Methods for the collection and characterization of airborne particles in the textile industry
Authors: Emilia Visileanu, Marian Catalin Grosu, Paul Tiberiu Miclea, Korinna Altmann, Dirk Brossell
Abstract: Airborne particulate matter is one of the main air pollutants. Their impact on mortality, and the occurrence of pulmonary and cardiovascular complications, have been the subject of numerous studies. Airborne particles are complex mixtures of organic and inorganic substances from different sources of particle emissions. Particulate Matter (PM) particles are classified according to their aerodynamic diameter expressed in µm and can vary from coarse (PM 10) to fine (less than PM 2.5). These diameter considerations are fundamental because they condition the penetration of particles into the bronchopulmonary system and the body. In recent years, there has been an interest in so-called “ultra-fine” particles, with a diameter of 0.1 µm (or 100 nm), or PM 0.1. They are nanoparticles and their impact on human health is not yet clear.With more than 1.5 million employees, textiles and clothing is a diverse sector that plays an important role in the European manufacturing industry, producing a turnover of €162 billion.An important component of the solid particles that generate air pollution in the textile industry is microplastics (MP) and nano plastics (NP), which also include microfibers (<5mm) and nanofibers (<100 nm), respectively. The particles released into the air during fiber and yarn processing range from 1 µg/m3 to 50 µg/m3.The paper presents the results of the determination of indoor and outdoor air concentration levels in textile companies, to identify the areas with the highest concentration level, by using an online recording system such as the Laser Aerosol Spectrometer MINI LAS model 11-E. The total concentration level TSP (µg/m3), the fractions PM 10(µg/m3), PM 2.5(µg/m3), PM1(µg/m3), as well as the total number of particles TC (1/l), were shown. It was noted that TSP is approximately at the same level both indoors and outdoors, but the fractions of PM10, PM2.5, and PM1 have much higher values indoors than outdoors with possible consequences on workers' health.The next step was the collection of fibers, namely micro and nano plastic particles from the vicinity of the workplaces of polyester, polyamide, and polypropylene fibers processing units in the textile industry in Romania, to obtain a sufficient quantity for laboratory analysis to determine the size and shape of the particles as well as their chemical composition. Two types of pumps were used, differentiated by their operating parameters: TECORA SKYPOST with airflow of 38 l/min and GILAIRPLUS with airflow 2l/min. Filters made of different materials with different diameters and pore sizes were used, namely: quartz filters (ø 47 mm, and ø 37 mm) on a TECORA SKYPOST type pump, polycarbonate nucleopore coated with a gold membrane (ø 25 mm) and silica filter (ø 9 mm) on GILAIRPLUS type pump.Using descriptive statistics, the calculation of correlation coefficients highlighted a strong correlation between the variables: "Collected mass/ Air concentration" and "Collected mass/ Air volume" for all diameters of the filters.The highest collected particle volume, determined by weighing the filters before and after collection, was obtained with the quartz filters (ø 47 mm) at an airflow of 38 l/min. The particles collected (polyester, polyamide, polypropylene) in the first stage were analyzed by SEM and thermogravimetric and it was found that the quartz filters absorbed the particles inside, with very few remaining on the surface. Thus no known methods can be used to perform analysis for particles collected on quartz filters. The number of particles on the filters was insufficient for analysis either because of the collection parameters used or because of the loss of particles during transport. As a result, in the next step, the use of 9 mm Si filters using the GILAIRPLUS pump at an airflow rate of 2l/min was chosen.To improve the transport conditions and avoid the loss of the particles and keep them on the surface of the filters, two methods were applied:- after weighing the filters were reintroduced into the collection pump holder;- a filtration system for airborne micro-nano plastics was designed and manufactured to selectively collect and transport PM10 and PM1 particles collected on SI filters.In both cases, SEM, Raman mapping, and GS-MS microscopy were used for analysis.Several times more PM10 than PM1 (74.5µg compared to 12.5 µg) was found. In all cases, both particles and fibers showed the same Raman fingerprint.The GS-MS analyses showed some contamination of the workspaces with particles other than the processed fibers. The presence of non-notifiable substances was also observed.The most viable filters are Si filters with a pore size of 10 microns to 1 micron and the use of the selected collection and transport filter system. In the following a filter system will be applied for collection on Au membrane-coated polycarbonate filters.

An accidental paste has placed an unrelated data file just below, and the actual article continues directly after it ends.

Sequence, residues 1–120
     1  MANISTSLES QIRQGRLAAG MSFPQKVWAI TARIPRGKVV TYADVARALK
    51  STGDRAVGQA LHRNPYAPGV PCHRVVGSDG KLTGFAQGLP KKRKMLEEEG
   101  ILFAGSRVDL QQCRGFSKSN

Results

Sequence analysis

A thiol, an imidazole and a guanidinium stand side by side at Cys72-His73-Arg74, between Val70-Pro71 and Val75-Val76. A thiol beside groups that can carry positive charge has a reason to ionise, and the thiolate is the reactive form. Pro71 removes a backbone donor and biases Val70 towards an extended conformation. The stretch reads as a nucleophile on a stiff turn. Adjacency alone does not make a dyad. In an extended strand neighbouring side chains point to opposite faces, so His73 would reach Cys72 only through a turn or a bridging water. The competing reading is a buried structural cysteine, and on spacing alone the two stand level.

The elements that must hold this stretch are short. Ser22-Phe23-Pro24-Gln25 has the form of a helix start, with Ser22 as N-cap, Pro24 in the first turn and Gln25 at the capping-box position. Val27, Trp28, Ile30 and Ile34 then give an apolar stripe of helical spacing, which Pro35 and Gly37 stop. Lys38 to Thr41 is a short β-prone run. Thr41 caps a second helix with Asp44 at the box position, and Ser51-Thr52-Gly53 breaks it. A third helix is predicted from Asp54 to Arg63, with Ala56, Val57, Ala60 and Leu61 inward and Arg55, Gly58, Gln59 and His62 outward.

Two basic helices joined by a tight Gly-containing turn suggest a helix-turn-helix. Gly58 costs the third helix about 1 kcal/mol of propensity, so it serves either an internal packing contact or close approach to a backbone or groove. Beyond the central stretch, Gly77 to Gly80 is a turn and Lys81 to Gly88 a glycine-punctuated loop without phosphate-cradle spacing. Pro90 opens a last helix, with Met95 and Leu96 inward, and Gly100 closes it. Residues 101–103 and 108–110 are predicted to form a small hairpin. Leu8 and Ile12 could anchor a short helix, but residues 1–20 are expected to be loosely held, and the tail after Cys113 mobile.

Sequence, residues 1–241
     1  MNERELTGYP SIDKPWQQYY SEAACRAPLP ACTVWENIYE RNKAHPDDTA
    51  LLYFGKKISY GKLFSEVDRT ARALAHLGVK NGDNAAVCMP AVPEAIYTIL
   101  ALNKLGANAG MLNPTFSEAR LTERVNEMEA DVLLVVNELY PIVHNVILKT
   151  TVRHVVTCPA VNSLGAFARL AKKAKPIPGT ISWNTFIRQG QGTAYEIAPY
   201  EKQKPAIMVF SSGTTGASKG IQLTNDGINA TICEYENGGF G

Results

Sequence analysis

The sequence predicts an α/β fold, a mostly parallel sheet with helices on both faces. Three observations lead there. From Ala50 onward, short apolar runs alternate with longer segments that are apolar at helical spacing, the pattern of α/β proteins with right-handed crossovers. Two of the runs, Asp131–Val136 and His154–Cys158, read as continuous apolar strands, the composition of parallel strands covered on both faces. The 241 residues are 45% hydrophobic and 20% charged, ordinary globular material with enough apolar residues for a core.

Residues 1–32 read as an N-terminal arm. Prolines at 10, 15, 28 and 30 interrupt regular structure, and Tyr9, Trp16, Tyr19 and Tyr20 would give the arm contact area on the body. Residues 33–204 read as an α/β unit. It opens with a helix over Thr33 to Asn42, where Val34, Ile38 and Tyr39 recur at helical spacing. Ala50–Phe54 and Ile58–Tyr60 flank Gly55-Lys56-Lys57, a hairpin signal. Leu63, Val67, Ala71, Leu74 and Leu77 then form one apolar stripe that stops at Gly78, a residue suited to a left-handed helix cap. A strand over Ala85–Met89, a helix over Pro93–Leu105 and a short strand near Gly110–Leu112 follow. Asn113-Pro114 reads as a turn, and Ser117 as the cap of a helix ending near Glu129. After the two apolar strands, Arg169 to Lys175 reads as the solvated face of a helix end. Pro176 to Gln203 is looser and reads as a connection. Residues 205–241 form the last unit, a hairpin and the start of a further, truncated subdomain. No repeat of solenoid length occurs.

Keywords: micro and nano particles, concentration, collection, physical and structural analysis
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